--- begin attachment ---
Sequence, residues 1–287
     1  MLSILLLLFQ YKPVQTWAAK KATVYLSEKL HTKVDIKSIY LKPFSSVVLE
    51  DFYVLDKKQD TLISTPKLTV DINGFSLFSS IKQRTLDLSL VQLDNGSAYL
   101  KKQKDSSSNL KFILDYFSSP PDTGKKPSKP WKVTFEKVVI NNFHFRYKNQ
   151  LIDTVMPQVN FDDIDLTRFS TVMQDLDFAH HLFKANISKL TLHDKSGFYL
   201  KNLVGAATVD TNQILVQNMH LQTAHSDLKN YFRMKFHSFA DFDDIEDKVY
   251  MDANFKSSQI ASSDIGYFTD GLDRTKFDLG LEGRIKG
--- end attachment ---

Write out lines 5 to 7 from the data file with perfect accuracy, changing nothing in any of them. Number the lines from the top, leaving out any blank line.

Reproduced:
   151  LIDTVMPQVN FDDIDLTRFS TVMQDLDFAH HLFKANISKL TLHDKSGFYL
   201  KNLVGAATVD TNQILVQNMH LQTAHSDLKN YFRMKFHSFA DFDDIEDKVY
   251  MDANFKSSQI ASSDIGYFTD GLDRTKFDLG LEGRIKG